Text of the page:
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Thursday, February 12, 2009

Interview: What Developers Wish Designers Understood

Lou Rosenfeld interviewed me on the topic "Bringing Design to Life: What Every Designer Should Know About Interface Engineering". This is a really interesting subject and gets to the heart of how to get engineering and design teams to work together better.

The interview gives you some of the points I will cover in my upcoming webinar on the same topic (Feb. 26th, 10AM PST/1PM EST).

Also there is a short video presentation (about 7 minutes) that provides a sneak peek into the webinar presentation.

Use code RMWBNR for a 20% discount off your ticket purchase.

4 comments:

Bo Lora said...

Bill,

I totally agree with the things you said in your interview. I believe the solution is actually not very complex. Its a matter of communication.

What happens when a developer is handed a stack of comps, wireframes, content documents, requirements and flow diagrams is akin to the experience of the Tower of Babel.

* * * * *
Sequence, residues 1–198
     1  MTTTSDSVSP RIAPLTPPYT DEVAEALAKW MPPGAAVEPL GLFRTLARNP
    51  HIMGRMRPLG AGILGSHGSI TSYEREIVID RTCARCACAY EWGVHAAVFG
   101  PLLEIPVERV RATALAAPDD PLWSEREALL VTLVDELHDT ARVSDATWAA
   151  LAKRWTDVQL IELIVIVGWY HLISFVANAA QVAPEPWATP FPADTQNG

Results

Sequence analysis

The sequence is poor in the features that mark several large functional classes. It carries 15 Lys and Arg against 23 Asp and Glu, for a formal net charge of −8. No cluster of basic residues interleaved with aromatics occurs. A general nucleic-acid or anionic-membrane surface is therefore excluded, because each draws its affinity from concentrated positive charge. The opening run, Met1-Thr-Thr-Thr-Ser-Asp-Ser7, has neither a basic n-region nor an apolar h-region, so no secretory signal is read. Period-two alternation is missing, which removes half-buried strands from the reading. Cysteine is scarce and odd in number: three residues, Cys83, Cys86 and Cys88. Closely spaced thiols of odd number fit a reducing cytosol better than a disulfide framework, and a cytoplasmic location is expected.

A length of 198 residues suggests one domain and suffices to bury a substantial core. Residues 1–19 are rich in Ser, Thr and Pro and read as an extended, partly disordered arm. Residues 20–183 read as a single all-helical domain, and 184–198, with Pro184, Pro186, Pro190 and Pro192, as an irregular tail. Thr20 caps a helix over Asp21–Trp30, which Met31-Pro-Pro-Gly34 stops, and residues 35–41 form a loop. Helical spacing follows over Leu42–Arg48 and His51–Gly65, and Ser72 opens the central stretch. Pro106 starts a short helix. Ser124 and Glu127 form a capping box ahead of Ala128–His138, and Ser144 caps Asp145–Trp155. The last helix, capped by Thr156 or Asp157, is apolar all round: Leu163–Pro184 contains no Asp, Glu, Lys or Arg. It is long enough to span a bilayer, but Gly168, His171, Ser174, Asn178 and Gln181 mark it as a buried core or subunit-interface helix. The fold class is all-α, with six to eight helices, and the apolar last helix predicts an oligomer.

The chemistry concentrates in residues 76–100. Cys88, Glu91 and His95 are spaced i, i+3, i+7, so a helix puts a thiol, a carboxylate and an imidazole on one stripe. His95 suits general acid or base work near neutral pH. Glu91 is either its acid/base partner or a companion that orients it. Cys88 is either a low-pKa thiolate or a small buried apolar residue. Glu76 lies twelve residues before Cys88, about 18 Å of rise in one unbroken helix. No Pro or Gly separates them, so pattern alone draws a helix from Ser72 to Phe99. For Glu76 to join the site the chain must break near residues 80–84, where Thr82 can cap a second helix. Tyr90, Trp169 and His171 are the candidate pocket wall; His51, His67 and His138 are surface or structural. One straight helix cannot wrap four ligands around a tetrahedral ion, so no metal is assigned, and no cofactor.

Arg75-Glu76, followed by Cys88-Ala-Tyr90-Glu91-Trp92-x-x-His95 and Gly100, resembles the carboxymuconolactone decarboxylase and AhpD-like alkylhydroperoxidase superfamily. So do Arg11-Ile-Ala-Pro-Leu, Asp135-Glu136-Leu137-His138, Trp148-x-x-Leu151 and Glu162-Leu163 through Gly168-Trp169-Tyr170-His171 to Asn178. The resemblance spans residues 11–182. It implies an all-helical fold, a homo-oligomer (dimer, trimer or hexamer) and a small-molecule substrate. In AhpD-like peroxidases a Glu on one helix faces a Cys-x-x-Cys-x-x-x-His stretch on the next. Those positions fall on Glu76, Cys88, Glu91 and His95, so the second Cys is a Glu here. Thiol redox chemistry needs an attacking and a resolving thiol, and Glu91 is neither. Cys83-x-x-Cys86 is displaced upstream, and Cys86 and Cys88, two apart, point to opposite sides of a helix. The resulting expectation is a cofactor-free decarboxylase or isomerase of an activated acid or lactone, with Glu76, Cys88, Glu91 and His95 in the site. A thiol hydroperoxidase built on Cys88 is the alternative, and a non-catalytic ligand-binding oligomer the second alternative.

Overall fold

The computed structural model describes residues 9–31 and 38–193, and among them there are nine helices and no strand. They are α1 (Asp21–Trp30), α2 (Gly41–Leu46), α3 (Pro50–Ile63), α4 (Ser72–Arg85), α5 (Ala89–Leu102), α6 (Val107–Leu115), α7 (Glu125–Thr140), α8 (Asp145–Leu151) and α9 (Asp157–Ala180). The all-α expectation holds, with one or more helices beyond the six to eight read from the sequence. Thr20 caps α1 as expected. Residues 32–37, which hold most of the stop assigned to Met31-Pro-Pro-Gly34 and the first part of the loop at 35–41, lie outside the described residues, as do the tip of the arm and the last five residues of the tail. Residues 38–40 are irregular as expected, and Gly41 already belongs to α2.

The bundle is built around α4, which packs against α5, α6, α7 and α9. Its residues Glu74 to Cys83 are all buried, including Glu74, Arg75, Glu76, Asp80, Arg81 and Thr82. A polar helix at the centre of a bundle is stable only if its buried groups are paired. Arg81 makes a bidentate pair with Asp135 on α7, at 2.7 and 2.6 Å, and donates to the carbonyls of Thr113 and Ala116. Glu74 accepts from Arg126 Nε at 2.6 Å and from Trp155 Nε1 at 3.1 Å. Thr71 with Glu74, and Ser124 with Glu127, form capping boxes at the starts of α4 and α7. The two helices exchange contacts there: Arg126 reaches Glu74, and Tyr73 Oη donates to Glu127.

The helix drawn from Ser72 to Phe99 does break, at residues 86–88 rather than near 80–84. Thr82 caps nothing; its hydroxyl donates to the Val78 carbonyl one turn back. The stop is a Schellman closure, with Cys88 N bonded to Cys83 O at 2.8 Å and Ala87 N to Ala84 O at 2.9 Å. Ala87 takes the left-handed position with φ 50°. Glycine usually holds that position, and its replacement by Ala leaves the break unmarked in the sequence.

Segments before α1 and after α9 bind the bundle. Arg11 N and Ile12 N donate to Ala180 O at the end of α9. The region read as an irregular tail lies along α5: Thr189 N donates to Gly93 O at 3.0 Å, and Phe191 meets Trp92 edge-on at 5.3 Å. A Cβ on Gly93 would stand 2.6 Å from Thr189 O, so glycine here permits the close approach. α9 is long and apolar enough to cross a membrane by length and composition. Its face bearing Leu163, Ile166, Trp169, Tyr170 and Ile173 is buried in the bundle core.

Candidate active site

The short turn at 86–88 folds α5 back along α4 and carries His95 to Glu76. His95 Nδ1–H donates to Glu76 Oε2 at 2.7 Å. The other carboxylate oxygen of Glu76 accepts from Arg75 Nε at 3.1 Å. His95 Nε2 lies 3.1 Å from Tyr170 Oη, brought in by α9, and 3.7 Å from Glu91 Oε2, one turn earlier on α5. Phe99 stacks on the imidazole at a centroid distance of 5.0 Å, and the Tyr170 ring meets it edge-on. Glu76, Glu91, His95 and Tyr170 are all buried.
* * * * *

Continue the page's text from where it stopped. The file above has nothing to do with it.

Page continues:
Then add the testers who have to look at the same documents and develop their own interpretation of what the developers are supposed to do and you have the perfect recepie for change controls, defect meetings and shooting down scope.

Mike Wolf said...

hey Bill,

great interview! This topic is much of my talk at mix is about... and was excited to see I was on your same wave length. With the wpf/silverlight stack this gets even more crucial, its one thing to not have communication between the static and dynamic, but instroduce the concept that designers are editing living breathing code (xaml)... and it becomes even more crucial.

Bill Scott said...

@Mike. Thanks. Wish I could have made your talk but had conflicts. I am a fan of Cynergy's work.

Bill Scott said...

@Bo

Yep. Communication is the secret sauce. And when developers and designers realize that this is an important part of their job it changes the mix. It is not enough to do great design you have to collaborate, evangelize, clearly communicate, etc. All the soft people skills.